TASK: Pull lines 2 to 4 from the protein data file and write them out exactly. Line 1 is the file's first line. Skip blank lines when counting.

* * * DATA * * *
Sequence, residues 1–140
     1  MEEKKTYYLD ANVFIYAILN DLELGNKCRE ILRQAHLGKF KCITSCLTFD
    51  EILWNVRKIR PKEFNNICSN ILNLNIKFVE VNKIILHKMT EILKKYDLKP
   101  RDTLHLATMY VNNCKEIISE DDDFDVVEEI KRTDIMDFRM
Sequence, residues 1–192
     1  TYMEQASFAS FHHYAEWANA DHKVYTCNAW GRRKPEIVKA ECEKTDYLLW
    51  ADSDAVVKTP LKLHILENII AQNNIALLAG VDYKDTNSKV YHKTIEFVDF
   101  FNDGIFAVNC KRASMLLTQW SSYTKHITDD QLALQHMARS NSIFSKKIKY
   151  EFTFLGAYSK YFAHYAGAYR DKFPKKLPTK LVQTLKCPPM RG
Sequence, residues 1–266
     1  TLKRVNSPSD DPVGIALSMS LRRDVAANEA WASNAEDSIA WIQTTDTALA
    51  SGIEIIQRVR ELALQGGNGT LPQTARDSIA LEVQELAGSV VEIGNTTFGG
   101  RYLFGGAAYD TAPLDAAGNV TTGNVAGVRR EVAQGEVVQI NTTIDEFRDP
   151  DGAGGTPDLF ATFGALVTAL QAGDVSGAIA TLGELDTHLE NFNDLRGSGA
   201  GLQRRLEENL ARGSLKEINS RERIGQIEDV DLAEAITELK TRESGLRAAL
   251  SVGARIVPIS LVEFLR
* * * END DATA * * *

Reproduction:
     1  MEEKKTYYLD ANVFIYAILN DLELGNKCRE ILRQAHLGKF KCITSCLTFD
    51  EILWNVRKIR PKEFNNICSN ILNLNIKFVE VNKIILHKMT EILKKYDLKP
   101  RDTLHLATMY VNNCKEIISE DDDFDVVEEI KRTDIMDFRM